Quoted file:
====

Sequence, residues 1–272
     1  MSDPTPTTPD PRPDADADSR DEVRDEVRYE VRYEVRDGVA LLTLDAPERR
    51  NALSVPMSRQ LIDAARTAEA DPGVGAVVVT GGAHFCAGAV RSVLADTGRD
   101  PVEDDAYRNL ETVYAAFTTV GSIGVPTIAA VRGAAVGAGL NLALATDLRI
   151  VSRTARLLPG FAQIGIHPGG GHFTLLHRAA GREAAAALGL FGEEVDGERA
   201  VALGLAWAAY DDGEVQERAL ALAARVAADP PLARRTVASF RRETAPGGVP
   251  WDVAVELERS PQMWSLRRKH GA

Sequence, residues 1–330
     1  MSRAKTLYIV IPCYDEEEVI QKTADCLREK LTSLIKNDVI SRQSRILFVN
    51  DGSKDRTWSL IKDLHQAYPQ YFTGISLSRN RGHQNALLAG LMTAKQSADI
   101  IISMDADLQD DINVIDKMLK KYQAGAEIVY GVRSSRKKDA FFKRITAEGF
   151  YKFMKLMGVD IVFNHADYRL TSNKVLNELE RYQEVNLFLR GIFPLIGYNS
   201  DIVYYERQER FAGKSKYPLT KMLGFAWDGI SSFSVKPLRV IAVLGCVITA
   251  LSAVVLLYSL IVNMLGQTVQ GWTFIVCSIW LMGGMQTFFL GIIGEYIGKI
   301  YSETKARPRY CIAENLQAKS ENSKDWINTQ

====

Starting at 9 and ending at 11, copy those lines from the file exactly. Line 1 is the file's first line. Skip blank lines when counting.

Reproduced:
     1  MSRAKTLYIV IPCYDEEEVI QKTADCLREK LTSLIKNDVI SRQSRILFVN
    51  DGSKDRTWSL IKDLHQAYPQ YFTGISLSRN RGHQNALLAG LMTAKQSADI
   101  IISMDADLQD DINVIDKMLK KYQAGAEIVY GVRSSRKKDA FFKRITAEGF